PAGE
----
Certainly, though, he has tapped into the feeling of “madness” within Westminster, where a sense of entrenched paralysis has persisted for months. Johnson won’t identify the exact moment he snapped; just that he’d initially got behind the referendum result and wanted to give Theresa May “the maximum space to negotiate the best possible deal.” But by the summer, when the Chequers proposals were published, “I was concerned. But I didn’t want to speak out too soon so I couldn’t be accused of tying her hands or limiting her room for manoeuvre.”

Finally he went to see the chief whip last Friday. “I had a long conversation with Julian Smith, who I respect highly,” he says. But why not wait until the deal was on the table before resigning? Johnson says draft agreements are already circulating and “they are broadly as we’ve all understood them to be. We are now at the stage of dotting the Is and crossing the Ts: this is the deal.” 

He felt if didn’t speak up now, “my ability to make my voice heard once the cacophony of the Government’s spin machine starts would’ve been very much reduced.” He cites the memo leaked last week that revealed the extent of Theresa May’s plans to sell her deal at all costs. 

What angers Johnson most is that it bears no resemblance to anything promised by the word ‘Brexit’: “It’s clearly not Brexit,” he says. “The Government has boxed itself in by trying to codge together this weird fake Brexit in the hope of committing people to somehow delivering on the referendum result. It keeps repeating that [phrase] and  it’s obviously a  nonsense. 

“It’s misleading to present it as delivering on the referendum result. Brexit was meant to be about taking back control, we are ceding control; it was meant to be about trade deals, we are not going to have any meaningful trade deals; it was meant to be about having a turbo-charged tiger economy on the edge of Europe, we are going to be bound by the common rule book that we won’t have a hand in  shaping.”

More than that he is furious that the Prime Minister seeks to compare her deal with no deal to make it look favourable, rather than comparing it with remaining in the EU. This, he says, is “a gross abuse of civil service impartiality. The reason they can’t look us in the eye is because they know this [deal] will leave us worse off and with less  control.”

I press him on whether he would like the Prime Minister to be replaced. “This isn’t for me about leadership change.”

OK. But has he written a letter to the chairman of the backbench 1922 Committee, Sir Graham Brady, saying he has lost confidence in Theresa May as leader of the Tory party?

He laughs. I ask again. He laughs again. But have you written a letter? I persist. “For me this is not about leadership,” he repeats. OK, you’re not going to answer that, I say. He laughs again.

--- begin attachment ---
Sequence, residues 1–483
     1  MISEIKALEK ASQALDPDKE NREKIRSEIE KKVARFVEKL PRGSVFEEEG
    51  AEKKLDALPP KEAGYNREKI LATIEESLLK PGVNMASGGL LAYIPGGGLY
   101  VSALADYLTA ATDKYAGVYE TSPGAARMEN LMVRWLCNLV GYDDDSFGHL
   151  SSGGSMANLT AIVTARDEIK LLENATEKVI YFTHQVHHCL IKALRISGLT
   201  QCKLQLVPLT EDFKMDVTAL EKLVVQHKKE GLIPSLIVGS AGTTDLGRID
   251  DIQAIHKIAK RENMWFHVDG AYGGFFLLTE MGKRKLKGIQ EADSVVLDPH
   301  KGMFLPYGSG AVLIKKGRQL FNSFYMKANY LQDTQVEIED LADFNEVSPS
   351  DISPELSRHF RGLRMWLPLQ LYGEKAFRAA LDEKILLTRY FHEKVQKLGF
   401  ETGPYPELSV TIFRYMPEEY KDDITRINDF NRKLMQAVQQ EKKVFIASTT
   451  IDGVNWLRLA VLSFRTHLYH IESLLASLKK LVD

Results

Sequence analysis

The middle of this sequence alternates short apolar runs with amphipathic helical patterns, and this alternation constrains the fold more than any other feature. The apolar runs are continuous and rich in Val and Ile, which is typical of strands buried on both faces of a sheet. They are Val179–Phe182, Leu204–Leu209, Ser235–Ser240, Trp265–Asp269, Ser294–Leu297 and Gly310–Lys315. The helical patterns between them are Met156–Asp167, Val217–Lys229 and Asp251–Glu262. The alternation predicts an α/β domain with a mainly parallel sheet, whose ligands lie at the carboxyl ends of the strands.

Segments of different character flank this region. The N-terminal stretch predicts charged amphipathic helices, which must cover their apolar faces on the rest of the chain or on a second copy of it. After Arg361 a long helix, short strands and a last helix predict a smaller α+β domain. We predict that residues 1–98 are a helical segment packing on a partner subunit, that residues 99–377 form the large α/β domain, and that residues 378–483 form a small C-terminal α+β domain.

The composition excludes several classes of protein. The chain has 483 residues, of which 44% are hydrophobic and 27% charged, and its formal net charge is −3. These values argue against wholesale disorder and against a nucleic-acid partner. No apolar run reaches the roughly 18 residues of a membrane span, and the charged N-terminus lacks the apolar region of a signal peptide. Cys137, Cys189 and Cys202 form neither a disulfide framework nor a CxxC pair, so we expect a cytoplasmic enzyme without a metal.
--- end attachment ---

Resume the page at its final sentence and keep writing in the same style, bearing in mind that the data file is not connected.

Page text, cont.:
Johnson was the youngest of the four Johnson children — including Rachel, a writer and columnist, and Leo, a filmmaker — Boris, the eldest. Much of their childhood was in Somerset — family photographs show bucolic scenes, the Johnsons all ruddy-faced with that white hair. Academic attainment and wit was prized and all four attended Oxbridge. 

Their ever-present father, Stanley —often found by Boris’s side, but pictured accompanying Jo to the Today programme on Saturday  — was a Conservative MEP. Their mother, Charlotte Johnson Wahl, an artist, is far less  conspicuous.

Jo grew up in Brussels, while his father worked for the European Commission. When he was very young, his mother – devastated by Stanley’s philandering — spent eight months in the Maudsley. “It was a very difficult period,” says Jo. “But she’s well now.” And he’s proud of her — telling me about an exhibition of her work at the ICA called Minding Too Much, which “really shows how she responded to her mental health issues through he painting. It was brilliant. They are really powerful pictures.”

He adds: “I’m hugely privileged. There’s no sob story, don’t worry.”

He followed his brothers to Eton, which was, “mostly” enjoyable. “By the last year I’d already got into university. I remember the headmaster calling me in and saying, ‘the salt seems to have somewhat lost its savour for you.’ That phrase has stuck with me.”

After Balliol he went to university in Brussels and then to Insead Business school outside Paris, and later he was posted to Paris (and then India) for the Financial Times.

“I have spent more time thinking about European issues than even I can imagine – so many years thinking about Britain and the way our influence around the world was amplified through the European Union. I thought deeply about these issues for many years and it pains me terribly that we’re about to do something that is going to be such a disappointment.”